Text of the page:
Peoria's Mom's Demand Action chapter asks everyone to wear orange for National Gun Violence Day
Recent shootings in Tulsa, Uvalde, Buffalo and elsewhere have many people feeling that something has to be done about gun violence.
With Friday being National Gun Violence Awareness Day, the Peoria branch of Moms Demand Action for Gun Sense is encouraging the public to wear orange on Friday through Sunday to show support for people whose lives were taken or affected by gun violence. Orange is the national color for fighting against gun violence and standing alongside victims.
Peoria branch volunteer Shelly Kerker said the power of people working together is crucial if mass shootings are to be addressed on a communitywide level.
Kerker said incidents like the shooting at Robb Elementary School in Uvalde, Texas, make her actively think about the safety of her own two kids.
“Especially with the recent happenings in Uvalde, I just think back to Sandy Hook, and that was even before I was a mother. That was 2012. I remember President Obama asking us, ‘Are we doing enough for our kids and our families?’ When you think really hard about it, no, we’re not," Kerker said.
Wear Orange weekend
Kerker said she and others in the community will be wearing orange throughout the weekend to demand a future free of gun violence. Wear Orange weekend began on June 2, 2015, after the death of Hadiya Pendleton. June 2, 2015, would have been her 18th birthday.
“It began with teenagers in Chicago wanting to honor their friend Hadiya after she was shot and killed. Today, wear orange honors Hadiya and more than 110 people shot and killed every day in the United States, as well as the hundreds more who are wounded,” Kerker said.
Erin Gatton is also a volunteer for the Peoria chapter of Mom's Demand Action for Gun Sense.
Gatton said the purpose of this weekend is spreading the message that gun violence could happen anywhere.
“During this weekend, the one thing that we’ve been saying is just ‘enough is enough,’ right? So, we just keep continuing to feel the devastation of everyone who gets involved in a senseless act of violence. It could be Buffalo. It could be Uvalde. Again, gun violence has forced its way into schools, and it’s just we have to do more than thoughts and prayers,” Gatton said.
Gatton said everyone has to have an open mind on how public establishments can be made safer.
“We all know that there’s not going to be just one answer. There’s a lot of stuff that comes into play when we talk about gun violence,” Gatton said. “You talk about behavior health. You talk about mental health. You talk about age. You talk about employees when they’re disgruntled. There’s just a lot of things.”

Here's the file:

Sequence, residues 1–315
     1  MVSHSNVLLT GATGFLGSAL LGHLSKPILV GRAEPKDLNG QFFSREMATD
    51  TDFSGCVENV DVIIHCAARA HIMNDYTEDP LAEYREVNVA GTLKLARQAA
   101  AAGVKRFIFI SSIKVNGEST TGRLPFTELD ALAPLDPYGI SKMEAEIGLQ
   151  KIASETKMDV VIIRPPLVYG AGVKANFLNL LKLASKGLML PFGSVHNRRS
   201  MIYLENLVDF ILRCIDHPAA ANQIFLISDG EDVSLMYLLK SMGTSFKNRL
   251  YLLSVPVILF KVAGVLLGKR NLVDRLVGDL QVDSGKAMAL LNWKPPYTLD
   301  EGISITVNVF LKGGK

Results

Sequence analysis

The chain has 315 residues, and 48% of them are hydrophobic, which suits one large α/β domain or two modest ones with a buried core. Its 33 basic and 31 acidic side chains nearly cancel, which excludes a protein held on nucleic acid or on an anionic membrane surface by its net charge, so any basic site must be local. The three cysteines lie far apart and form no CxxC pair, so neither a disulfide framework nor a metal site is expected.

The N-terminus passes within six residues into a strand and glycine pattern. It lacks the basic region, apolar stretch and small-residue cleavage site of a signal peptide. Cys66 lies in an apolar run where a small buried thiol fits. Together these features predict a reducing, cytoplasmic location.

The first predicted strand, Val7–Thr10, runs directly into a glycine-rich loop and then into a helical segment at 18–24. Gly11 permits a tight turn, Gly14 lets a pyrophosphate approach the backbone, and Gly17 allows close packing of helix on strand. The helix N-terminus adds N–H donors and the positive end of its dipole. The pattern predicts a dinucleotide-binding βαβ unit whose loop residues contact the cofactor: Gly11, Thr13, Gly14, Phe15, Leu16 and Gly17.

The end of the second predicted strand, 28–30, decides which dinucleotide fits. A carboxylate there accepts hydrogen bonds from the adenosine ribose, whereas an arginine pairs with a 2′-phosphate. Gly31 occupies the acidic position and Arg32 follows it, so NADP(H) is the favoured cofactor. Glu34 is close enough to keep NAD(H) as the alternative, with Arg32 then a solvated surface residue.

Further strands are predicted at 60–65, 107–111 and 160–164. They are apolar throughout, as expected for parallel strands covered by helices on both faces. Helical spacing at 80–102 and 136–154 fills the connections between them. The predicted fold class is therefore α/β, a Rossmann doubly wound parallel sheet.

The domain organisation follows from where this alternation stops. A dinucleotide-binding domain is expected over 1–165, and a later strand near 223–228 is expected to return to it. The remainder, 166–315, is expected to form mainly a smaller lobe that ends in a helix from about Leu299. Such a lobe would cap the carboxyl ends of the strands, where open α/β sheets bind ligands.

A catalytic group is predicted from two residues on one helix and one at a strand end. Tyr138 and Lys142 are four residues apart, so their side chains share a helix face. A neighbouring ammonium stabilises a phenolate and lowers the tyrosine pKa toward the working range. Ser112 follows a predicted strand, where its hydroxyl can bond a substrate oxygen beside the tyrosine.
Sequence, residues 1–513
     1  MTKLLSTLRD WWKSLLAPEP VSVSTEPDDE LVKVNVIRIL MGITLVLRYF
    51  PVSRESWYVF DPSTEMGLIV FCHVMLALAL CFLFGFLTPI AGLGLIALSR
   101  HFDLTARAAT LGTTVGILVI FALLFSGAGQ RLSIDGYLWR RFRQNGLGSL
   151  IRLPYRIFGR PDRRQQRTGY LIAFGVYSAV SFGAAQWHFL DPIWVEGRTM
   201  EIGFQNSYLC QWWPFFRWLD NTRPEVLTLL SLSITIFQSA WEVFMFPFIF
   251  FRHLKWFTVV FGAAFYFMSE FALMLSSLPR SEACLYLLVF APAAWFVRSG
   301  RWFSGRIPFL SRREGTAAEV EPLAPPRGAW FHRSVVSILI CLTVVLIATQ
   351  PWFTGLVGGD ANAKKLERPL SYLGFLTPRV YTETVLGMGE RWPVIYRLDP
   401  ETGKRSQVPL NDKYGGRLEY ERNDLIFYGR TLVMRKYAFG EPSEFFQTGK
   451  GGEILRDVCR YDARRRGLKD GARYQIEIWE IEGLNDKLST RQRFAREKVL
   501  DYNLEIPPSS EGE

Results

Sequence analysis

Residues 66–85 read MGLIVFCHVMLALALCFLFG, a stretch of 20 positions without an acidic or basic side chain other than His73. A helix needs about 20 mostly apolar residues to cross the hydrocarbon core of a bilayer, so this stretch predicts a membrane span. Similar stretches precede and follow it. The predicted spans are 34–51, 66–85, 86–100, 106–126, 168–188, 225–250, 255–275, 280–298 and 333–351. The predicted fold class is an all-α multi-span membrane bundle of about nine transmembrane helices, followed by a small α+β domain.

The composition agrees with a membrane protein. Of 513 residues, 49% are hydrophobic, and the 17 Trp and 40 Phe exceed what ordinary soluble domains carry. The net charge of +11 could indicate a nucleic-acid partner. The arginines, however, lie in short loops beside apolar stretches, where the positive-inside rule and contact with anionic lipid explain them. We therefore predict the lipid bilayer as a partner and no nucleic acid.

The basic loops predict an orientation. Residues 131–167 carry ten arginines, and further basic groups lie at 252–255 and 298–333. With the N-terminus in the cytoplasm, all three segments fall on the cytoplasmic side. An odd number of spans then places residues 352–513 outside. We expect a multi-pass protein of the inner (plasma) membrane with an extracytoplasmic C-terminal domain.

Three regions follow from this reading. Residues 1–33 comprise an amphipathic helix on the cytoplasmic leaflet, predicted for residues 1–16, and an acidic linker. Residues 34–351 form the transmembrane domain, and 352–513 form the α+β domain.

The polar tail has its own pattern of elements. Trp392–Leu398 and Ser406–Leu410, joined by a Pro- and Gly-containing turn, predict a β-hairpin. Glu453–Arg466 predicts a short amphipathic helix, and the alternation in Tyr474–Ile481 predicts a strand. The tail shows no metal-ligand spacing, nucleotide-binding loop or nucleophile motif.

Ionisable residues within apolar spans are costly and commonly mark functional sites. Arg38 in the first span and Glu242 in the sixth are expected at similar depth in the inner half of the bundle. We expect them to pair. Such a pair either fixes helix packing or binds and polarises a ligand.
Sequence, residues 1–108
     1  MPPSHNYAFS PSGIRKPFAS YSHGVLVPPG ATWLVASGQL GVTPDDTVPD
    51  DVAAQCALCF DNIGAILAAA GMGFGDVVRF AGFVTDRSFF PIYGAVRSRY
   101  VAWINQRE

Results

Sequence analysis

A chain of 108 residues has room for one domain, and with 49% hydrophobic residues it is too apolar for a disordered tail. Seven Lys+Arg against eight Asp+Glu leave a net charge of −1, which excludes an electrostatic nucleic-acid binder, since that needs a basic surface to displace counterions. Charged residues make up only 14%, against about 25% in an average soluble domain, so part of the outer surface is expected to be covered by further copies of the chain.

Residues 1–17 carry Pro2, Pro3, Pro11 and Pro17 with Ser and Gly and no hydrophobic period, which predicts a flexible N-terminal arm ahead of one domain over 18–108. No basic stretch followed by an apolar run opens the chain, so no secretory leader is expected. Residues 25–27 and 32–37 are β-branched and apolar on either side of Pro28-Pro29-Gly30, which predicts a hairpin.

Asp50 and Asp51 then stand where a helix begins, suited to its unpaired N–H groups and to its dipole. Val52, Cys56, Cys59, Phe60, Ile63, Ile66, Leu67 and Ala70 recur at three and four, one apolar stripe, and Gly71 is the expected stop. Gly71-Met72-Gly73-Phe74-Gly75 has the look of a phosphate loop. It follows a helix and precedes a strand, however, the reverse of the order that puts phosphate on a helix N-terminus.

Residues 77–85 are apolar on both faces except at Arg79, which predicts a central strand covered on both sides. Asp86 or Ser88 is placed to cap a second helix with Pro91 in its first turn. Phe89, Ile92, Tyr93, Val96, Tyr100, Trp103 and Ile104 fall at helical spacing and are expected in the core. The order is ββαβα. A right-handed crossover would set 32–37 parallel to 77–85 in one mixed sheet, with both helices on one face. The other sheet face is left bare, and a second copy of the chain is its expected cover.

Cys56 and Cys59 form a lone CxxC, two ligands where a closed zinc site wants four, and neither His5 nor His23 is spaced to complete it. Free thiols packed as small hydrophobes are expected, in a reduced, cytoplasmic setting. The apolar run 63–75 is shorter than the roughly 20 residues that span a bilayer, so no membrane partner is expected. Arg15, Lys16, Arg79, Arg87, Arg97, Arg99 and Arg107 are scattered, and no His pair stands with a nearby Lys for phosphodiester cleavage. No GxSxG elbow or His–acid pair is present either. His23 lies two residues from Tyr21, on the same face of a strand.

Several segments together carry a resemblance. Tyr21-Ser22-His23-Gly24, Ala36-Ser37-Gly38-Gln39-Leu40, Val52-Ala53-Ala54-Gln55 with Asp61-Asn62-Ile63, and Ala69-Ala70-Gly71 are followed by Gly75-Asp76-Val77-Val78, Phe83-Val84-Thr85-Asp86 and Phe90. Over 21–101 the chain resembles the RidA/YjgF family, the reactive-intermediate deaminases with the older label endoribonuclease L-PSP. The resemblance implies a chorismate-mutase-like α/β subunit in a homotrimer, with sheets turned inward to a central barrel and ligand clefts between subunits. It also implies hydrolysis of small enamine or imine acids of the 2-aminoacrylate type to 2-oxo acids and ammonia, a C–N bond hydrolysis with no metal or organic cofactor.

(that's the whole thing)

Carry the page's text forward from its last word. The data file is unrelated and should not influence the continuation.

Gatton continued, “When we have this weekend, we just have to remember gun violence is not just mass shootings. Gun violence is suicide. Gun violence is mishandling.”
Gatton said from a personal standpoint as a citizen and a mother, she is hopeful that something will be done to better combat the prevalence of national shootings.
“I always hold that optimism, and I think that’s why when you see Moms Demand Action out there, you see the Peoria Community Against Violence. When you see other organizations that are trying to work towards peace in our communities, it is hopeful,” Gatton said.
For Kerker and Gatton on behalf of Mom’s Demand Action for Gun Sense, this weekend and other events are about honoring the victims and their families while simultaneously encouraging citizens to do the same.
“We’re experiencing a crisis, and we’re bearing the burden of it every day whether you live near it, or you don’t. So, we just can’t continue to forget about the people who have lost their lives to gun violence,” Gatton said.
Pew Research Center reported in 2020 that 45,222 people died from gun-related injuries in the U.S. The number of active shooter incidents only went up from the early 2000s to 2020, and recent shootings have not revealed signs that these numbers would go down.
“A lot of it has to do with guns, and a lot of it doesn’t have to do with guns,” Gatton said. “At the end of the day, we just want people to be aware that gun violence is not going to go away, and actions do need to be taken as best we can to make change for our kids and our future. I mean, that’s not fair, and it’s not way to live.”
Moms Demand Action held a blood drive from 10 a.m. to 1 p.m. on Friday at the East Bluff community center, sending all donations to Texas.